Ardent Health Services entered a demonstration co-management agreement with physicians at their Tulsa medical center. The participating physicians serve on governing committees and the board of managers. The surgeons standardized all of the surgical supplies for a 13 percent savings. They went to a bid process for implant vendors for a 6-7 percent savings (using value based, generic implants can result in 70-85 percent savings). The demonstration was capped such that the bonus was not to exceed 25 percent of the physicians' reimbursement for the services. In orthopedics, the physicians were paid the full 25 percent for both distributions.  

This is where the physician has an opportunity. We should all strive to improve quality.  We should always place the patient's safety above all else, but we have to stop acting like the kid who picks his toys up and goes home when things don't go his way. We need to be proactive as we develop plans to improve efficiencies. If we become involved in the process, via co-management agreements or other models, we can have a say in how this transformation ends.  

Physicians have an opportunity to become involved in the process to develop a long term strategic plan to improve efficiencies. Collaboration with the hospital on length of stay and the efficiencies to improve that number is a beginning, but the elephant in the room is the implants used in surgery. Hospital reimbursements from Medicare for total joint replacements between 1991 and FY 2008 rose 27 percent, while the average selling price for hip implants rose 132 percent between 1996 and 20062,3. The cost of the implanted device can account for 50 percent or more of reimbursement. The physician must learn to become a value-based buyer if they want to become a participant in this process.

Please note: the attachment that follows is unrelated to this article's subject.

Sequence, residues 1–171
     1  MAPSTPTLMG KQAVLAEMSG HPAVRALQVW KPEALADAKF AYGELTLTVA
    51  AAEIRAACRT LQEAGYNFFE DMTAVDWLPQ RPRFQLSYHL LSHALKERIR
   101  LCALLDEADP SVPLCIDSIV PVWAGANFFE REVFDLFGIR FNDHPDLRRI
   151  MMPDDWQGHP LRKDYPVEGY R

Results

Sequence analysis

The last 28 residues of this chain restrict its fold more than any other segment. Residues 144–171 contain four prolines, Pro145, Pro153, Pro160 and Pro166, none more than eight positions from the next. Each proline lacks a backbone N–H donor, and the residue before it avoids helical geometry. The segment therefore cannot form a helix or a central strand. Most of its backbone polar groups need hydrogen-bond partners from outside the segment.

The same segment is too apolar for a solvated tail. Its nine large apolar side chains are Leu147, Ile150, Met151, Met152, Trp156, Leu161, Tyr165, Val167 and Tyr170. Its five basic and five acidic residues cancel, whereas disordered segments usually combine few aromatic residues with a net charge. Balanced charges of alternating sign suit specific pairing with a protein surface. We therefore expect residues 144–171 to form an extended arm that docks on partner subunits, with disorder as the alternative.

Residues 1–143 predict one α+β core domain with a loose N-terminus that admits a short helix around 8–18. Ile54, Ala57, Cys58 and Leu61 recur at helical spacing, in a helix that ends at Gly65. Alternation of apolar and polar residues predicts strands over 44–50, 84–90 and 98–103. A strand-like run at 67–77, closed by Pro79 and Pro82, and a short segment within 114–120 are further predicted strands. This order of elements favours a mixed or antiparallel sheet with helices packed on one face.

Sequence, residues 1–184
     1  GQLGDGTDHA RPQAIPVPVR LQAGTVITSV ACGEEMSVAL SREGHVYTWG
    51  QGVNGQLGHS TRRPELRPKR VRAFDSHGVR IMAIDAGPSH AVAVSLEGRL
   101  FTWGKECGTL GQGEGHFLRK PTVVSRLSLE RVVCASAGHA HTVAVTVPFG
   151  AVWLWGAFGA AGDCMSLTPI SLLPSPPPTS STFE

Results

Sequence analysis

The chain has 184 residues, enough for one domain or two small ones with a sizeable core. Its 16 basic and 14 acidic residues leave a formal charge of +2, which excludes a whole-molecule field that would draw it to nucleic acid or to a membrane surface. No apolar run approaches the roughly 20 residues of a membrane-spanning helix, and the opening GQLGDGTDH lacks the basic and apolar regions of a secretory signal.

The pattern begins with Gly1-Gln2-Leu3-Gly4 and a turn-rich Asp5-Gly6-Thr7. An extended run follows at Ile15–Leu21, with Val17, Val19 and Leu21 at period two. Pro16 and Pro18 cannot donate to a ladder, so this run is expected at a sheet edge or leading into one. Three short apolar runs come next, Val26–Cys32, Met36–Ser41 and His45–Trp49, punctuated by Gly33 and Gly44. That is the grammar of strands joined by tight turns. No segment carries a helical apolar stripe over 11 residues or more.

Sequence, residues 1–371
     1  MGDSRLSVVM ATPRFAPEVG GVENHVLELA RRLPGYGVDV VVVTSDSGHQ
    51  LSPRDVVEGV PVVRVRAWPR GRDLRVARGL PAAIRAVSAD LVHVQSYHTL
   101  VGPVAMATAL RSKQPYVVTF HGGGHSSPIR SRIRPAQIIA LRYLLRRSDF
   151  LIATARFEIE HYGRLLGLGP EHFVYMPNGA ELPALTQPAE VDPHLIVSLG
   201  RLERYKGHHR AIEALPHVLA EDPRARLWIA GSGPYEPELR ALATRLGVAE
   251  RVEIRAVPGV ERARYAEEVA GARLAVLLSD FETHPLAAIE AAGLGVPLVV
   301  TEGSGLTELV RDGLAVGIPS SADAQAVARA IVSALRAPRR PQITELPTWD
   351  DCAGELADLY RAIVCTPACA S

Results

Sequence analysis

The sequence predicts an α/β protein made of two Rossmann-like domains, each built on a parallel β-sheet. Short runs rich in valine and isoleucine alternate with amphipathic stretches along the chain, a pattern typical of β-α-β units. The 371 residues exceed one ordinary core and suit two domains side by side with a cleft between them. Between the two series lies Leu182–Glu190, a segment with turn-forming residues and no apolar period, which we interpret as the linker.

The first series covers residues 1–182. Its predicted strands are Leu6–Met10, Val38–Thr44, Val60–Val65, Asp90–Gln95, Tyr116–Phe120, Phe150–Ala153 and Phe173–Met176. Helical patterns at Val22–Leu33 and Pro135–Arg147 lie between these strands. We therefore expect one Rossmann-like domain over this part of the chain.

Real supply chain costs

The physician needs to learn what the real costs are and other "little known facts of the orthopedic supply chain."  Seventy-five percent of current orthopedic technology is stable technology that no longer warrants elevated pricing. Manufacturing is a small component of the final price tag of an implant. Total knee manufacturing costs are approximately $300 to $500; 37 percent of all costs are due to sales and administrative costs.  

There is a growing segment in orthopedics that has begun to offer generic alternatives at up to 70-85 percent savings off cartel pricing. These implants are quality, value based implants.  One company that can help the hospital and physician navigate this space is OrthoDirectUSA (www.orthodirectusa.com). OrthoDirectUSA is a company that aligns the hospital and physician with the suppliers offering a quality implant at a value based cost.